October is Breast Cancer Awareness Month, and we caught up with Dr. Nadine Norman, a breast surgeon at SHN. Working primarily out of the newly refreshed and renovated CIBC Breast Clinic at our General hospital, Dr. Norman shares with us the importance of breast health and awareness and how generous donors have made our updated CIBC Breast Clinic come to life.
1. October is Breast Cancer Awareness Month. What advice would you give to women in Scarborough when it comes to awareness and breast health?
Two pieces of advice that I would give to all Scarborough women is to first, keep up with your routine screening with mammography as recommended. For most women of average risk, this means mammography once every two years, or if you have a personal history or other risk factors, once per year.
Second, get to know what your normal breasts feel like to you. A lot of new cancer patients we see feel or see a change that was new and persistent. Ignoring a change that could be cancer can lead to a delayed diagnosis and the requirement for more extensive treatments.
An extra piece of advice: do not be afraid to tell your family doctor about a change in your breast. It may be nothing or just a cyst, but if it is cancer, know that we are winning the battle against this disease. We are able to cure upwards of 86% of all breast cancers, so the sooner you get diagnosed and treated the better the outcome.
2. What sets SHN apart from other hospitals in regards to the CIBC Breast Clinic?
At the General hospital CIBC Breast Clinic, we are a family. We work together as a team to make sure all patients are treated with kindness, respect, and expedient, high-quality care. Coming together in one clinic, we have mammography and ultrasound technologists, radiologists, clerical staff, and three breast surgeons who are in the clinic four out of five days every week. Our team also includes our very knowledgeable and accessible medical oncologists with whom we interact regularly to ensure continuity of care. The entire medical group meets regularly to discuss challenging breast cancer cases and make treatment plans.
When a patient presents to our clinic with a new suspicious mass in the breast, the clerical staff and technologists know that one of the breast surgeons will likely be able to do a biopsy that same day in the clinic, thus they are streamed to see us right away and on some occasions, a patient can have all necessary tests done all in one visit. This means they can have their diagnosis explained to them and their families within three or four days. We are a small but mighty team, which allows us to spend extra time with our patients to get to know them on a personal level to speak to their specific concerns, educate and comfort them, and together formulate an initial treatment plan.
3. What do you think makes the Scarborough community so special?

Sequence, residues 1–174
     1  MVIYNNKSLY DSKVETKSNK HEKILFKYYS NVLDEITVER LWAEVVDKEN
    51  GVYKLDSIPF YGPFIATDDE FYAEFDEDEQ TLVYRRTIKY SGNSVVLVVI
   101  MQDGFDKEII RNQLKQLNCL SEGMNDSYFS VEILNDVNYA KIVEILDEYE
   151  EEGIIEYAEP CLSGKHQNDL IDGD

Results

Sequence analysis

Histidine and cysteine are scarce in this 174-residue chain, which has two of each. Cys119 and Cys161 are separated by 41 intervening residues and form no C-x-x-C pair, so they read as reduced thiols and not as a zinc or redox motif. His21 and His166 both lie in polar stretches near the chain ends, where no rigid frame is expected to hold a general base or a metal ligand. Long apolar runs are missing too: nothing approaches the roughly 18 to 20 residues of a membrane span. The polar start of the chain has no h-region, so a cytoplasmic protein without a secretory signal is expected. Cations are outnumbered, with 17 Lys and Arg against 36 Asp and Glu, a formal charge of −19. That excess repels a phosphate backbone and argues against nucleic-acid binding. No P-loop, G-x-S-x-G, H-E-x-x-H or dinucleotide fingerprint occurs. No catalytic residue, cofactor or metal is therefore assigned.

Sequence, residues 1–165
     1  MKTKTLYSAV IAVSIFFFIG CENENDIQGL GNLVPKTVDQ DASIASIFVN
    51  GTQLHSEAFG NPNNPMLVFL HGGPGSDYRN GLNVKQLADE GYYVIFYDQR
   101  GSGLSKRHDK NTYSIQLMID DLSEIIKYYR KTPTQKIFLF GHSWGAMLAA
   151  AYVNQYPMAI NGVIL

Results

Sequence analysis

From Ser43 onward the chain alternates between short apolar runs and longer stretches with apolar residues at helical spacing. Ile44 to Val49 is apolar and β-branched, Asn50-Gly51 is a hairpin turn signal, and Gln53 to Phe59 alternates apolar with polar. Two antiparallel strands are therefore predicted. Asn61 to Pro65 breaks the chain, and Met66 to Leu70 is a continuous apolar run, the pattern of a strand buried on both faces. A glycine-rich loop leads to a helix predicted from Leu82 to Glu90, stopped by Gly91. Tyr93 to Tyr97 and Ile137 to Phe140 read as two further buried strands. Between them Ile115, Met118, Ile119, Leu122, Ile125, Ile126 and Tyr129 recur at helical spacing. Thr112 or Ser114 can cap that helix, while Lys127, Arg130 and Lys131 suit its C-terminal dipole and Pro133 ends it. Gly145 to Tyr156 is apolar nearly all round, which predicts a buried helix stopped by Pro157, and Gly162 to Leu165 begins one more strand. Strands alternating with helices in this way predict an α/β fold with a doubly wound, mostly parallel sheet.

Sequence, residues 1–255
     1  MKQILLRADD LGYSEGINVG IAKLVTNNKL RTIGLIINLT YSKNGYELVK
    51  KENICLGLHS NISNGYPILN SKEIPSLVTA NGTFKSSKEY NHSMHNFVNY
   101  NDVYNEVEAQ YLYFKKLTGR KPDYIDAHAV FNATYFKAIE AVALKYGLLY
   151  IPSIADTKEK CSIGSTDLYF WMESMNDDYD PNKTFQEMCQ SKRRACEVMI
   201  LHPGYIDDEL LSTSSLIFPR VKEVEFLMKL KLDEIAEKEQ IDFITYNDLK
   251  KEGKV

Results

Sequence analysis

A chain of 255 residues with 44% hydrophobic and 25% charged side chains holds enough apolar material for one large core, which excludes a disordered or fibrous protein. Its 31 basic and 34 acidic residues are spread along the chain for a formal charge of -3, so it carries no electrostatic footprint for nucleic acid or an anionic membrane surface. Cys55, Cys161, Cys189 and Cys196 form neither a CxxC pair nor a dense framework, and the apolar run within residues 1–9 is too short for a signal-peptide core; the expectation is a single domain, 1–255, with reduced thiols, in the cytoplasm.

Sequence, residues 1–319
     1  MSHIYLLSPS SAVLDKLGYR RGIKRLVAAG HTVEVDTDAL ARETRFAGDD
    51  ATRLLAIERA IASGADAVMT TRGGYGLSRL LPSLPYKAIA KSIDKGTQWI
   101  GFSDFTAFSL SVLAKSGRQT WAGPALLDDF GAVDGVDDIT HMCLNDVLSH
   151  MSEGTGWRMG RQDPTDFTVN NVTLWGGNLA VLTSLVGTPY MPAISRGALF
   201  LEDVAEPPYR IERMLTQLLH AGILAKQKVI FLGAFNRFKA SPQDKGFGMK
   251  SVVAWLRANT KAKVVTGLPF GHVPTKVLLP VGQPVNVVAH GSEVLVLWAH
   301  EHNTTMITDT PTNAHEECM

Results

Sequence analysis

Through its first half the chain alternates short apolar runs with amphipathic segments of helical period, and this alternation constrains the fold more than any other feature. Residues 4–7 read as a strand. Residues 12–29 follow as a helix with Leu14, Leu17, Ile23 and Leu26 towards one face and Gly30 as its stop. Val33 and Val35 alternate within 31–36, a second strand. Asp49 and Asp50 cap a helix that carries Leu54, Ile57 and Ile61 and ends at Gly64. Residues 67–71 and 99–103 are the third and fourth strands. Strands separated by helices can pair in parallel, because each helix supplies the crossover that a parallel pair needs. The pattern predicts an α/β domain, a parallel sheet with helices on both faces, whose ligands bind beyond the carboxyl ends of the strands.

Our Scarborough population is so diverse with respect to ethnicity and medical knowledge.
We need the extra time we are thankfully able to give to our patients in order to translate into their language and make sure they understand their diagnosis, treatment options and plan. A lot of our patients who are new to our country are terrified of cancer and surgery due to misinformation and “stories” from back home. It sometimes takes a lot of time to reassure them and make sure they will follow the recommended plan.
4. The CIBC Breast Clinic refresh was made possible through the support of our incredible donors. How important is it that we have donor and community support for health care in Scarborough?
The Scarborough community, unfortunately, does not receive large donations for improvements and equipment like other hospitals in Toronto. However, we know our community supports us in our vision and our work, and that they appreciate all we do because they tell us every day. When we received an extremely generous donation from a former patient, everyone agreed that the gift would be best used to make our aged clinic space more pleasant, relaxing and functional. Our reception area, waiting room, hallway and physician room received a refresh with new floors, chairs and wall treatments with a nature theme as well as some new, modern equipment. So far, the feedback from staff and patients has been very positive, with everyone loving our new look!
5. SHN’s vision is “shaping the future of care”. How do you think the opening of the refreshed CIBC Breast Clinic helps move us to that vision?
The care of breast cancer is multidisciplinary and personalized. It is a total team effort from the time a patient presents with an abnormality in their breast right through to their follow-up care in the months and years that follow. Each step of breast imaging, biopsy, surgery, chemotherapy, radiation therapy and follow-ups involve intricate networks of dedicated people who, as a necessity, work together all to deliver high-quality care with empathy and in a timely fashion. That is the present and the future of care of our Scarborough breast cancer population.
We are incredibly grateful to our dedicated donors who made the CIBC Breast Clinic refresh possible. Thank you to Mr. Christopher and Mrs. Estela Provost, Dr. Dhun and Mr. Farokh Noria, and CIBC for empowering SHN to transform patient care for those with breast cancer.
To learn more about breast health at SHN, visit SHN.ca/diagnostic-imaging/breast-health.